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Motivational Interviewing: Rapport Building and Client Engagement

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Motivational Interviewing: Rapport Building and Client Engagement Minnesota Coalition for the Homeless Conference: October 14th 2013 Bradley Dreis, MS, LPCC, CRC, NCC – PowerPoint PPT presentation

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Title: Motivational Interviewing: Rapport Building and Client Engagement


1
Motivational Interviewing Rapport Building and
Client Engagement
  • Minnesota Coalition for the Homeless Conference
    October 14th 2013
  • Bradley Dreis, MS, LPCC, CRC, NCC
  • Thomas Jaeger, Families Achieving Success Today
    (FAST)

2
Introduction
  • Bradley Dreis
  • E-mail BDreis_at_GoodwillEasterSeals.org
  • LPCC (Licensed Professional Clinical Counselor)
  • CRC (Certified Rehabilitation Counselor)
  • NCC (National Certified Counselor)
  • History
  • Psychotherapist at Goodwill/Easter Seals Working
    Well Mental Health Clinic
  • Mental Health Motivational Interviewing
    consultant to the FAST program
  • Motivational Interviewing trainer for
    Goodwill/Easter Seals of MN
  • Vocational Evaluator
  • Case Manager

3
Introduction
  • Thomas Jaeger
  • E-mail Tjaeger_at_GoodwillEasterSeals.org
  • SACIT (substance abuse Counselor in training)
  • BS Vocational Rehab UW Stout
  • Concentration in Psych-Rehab
  • History
  • Employment Support Consultant to the FAST program
  • Motivational Interviewing coach for Goodwill
    Easter seals
  • Transitional living skills counselor and Client
    Advocate Catholic Charities
  • Chemical Dependency counselor residential
    treatment facility

4
Introduction
  • A few considerations before we begin
  • Motivational Interviewing will be referred to as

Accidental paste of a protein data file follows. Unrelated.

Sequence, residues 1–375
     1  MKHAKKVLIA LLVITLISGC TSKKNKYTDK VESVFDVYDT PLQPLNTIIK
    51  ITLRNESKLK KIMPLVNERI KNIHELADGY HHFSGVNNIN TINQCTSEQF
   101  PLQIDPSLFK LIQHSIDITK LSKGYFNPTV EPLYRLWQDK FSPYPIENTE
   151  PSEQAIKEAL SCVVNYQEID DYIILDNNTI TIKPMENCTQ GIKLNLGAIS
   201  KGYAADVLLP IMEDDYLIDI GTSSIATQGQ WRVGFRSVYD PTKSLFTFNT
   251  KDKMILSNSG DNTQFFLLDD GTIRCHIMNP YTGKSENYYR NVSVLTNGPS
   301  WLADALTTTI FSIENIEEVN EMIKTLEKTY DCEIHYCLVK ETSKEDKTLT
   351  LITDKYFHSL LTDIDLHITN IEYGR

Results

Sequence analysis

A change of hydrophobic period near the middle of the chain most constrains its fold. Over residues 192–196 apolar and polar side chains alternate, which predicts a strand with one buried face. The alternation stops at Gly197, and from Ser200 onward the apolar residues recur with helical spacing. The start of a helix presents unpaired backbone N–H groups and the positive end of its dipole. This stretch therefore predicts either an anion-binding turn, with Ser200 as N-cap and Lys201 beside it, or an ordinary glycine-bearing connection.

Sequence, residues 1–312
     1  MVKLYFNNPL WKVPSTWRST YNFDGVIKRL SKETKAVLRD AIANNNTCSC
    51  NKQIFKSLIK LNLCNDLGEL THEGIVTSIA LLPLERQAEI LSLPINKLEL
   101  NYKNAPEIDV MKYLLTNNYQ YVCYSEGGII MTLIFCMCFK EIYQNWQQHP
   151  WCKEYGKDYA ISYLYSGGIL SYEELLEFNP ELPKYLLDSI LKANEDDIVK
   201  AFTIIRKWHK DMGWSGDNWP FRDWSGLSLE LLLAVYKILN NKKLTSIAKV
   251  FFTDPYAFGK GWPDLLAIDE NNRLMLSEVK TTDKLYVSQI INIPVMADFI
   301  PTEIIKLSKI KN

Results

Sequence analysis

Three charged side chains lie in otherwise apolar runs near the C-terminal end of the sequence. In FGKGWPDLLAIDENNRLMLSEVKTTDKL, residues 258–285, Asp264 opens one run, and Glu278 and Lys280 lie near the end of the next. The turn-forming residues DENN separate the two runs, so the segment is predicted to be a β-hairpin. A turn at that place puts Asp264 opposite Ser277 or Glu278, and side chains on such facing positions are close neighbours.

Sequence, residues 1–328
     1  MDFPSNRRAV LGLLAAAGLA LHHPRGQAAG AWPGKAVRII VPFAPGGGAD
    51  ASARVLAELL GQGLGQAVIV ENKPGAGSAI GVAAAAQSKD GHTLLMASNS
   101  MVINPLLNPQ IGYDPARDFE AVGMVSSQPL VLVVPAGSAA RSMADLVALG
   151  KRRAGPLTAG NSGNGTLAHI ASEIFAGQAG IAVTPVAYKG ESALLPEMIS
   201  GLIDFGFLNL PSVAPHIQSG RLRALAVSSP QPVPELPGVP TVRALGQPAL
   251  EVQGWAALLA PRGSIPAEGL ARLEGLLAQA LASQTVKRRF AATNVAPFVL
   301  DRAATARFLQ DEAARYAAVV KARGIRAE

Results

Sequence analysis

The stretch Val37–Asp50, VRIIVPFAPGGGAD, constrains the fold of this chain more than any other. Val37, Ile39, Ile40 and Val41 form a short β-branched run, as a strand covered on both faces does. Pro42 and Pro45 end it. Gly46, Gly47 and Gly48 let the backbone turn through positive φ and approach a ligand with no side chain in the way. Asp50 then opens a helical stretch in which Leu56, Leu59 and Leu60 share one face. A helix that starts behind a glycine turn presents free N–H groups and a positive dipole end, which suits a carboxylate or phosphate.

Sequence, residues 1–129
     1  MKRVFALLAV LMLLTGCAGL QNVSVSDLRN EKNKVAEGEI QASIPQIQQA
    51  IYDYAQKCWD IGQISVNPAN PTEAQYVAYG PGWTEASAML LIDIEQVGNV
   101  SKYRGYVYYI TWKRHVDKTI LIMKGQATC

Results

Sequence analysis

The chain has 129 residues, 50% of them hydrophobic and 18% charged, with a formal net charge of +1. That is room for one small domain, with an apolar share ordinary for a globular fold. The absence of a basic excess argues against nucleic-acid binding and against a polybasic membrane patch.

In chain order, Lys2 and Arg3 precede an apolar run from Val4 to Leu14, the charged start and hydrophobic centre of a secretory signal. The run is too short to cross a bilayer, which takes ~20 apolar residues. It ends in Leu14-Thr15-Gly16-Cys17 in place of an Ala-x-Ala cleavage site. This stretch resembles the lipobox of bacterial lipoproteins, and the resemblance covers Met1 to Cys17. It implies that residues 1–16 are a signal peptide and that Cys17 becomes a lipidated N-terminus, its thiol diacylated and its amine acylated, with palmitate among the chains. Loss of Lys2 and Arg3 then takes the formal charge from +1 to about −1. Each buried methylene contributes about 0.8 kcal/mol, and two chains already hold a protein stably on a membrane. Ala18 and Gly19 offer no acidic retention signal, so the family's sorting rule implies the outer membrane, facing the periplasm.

MI throughout the remainder of this
    presentation.
  • MI isnt meant to be delivered in short one-hour
    segments, so it is assumed that we have all had
    at least some previous MI training.
  • Todays goal is to provide a few new
    ideas/strategies to assist you and your clients
    with making positive changes.

5
Introduction
  • A Show of Hands How familiar are you with MI?
  • 1. No familiarity
  • 2. Brief surface-level introduction
  • 3. Intensive training over multiple days
  • 4. Intensive training(s) and broad familiarity
    with periodic use
  • 5. Extensive familiarity Use it often Maybe
    even train others

6
Founders of MI
  • William R. Miller, PhD
  • Wrote first MI article in 1983
  • Began work in chemical dependency field
  • Emeritus Distinguished Professor of Psychology
    and Psychiatry at the University of New Mexico
  • Stephen Rollnick, PhD
  • Clinical psychologist
  • Professor of Health Care Communication in the
    School of Medicine, at Cardiff University, Wales,
    United Kingdom

7
Definitions Key Concepts
  • Brief Refresher of MI Definitions and Concepts to
    Assist with Remainder of Presentation
  • Motivational Interviewing (Lay definition)
  • Motivational Interviewing is a collaborative
    conversation style for strengthening a persons
    own motivation and commitment to change. (Miller
    Rollnick, 2013)

8
Definitions Key Concepts
  • Change Talk
  • Any client speech that favors movement toward a
    particular change goal.
  • Sustain Talk
  • Any client speech that favors status quo rather
    than movement toward a change goal.

9
Definitions Key Concepts
  • Self-Perception Theory
  • "Individuals come to know their own attitudes,
    emotions and internal states by inferring them
    from observations of their own behavior and
    circumstances in which they occur. (Bem, 1972)
  • OrThe more somebody verbalizes a position
    (either positive or negative), the more s/he will
    commit to it.

10
Definitions Key Concepts
  • Reactance Theory
  • The natural human tendency to reassert ones
    freedom when it appears to be threatened. even
    if it hurts them.

11
Definitions Key Concepts
  • OARS
  • An acronym for four basic client-centered
    communication skills.
  • O Open questions
  • A Affirmations
  • R Reflections
  • S Summary

12
Definitions Key Concepts
  • Spirit
  • The underlying set of mind and heart within which
    MI is practiced.
  • Partnership
  • Acceptance
  • Compassion
  • Evocation

13
Definitions Key Concepts
  • Deceptive Simplicity
  • Many MI concepts appear easy at first glance, but
    take practice to master and perform
    intentionally.

14
Rapport Building Client Engagement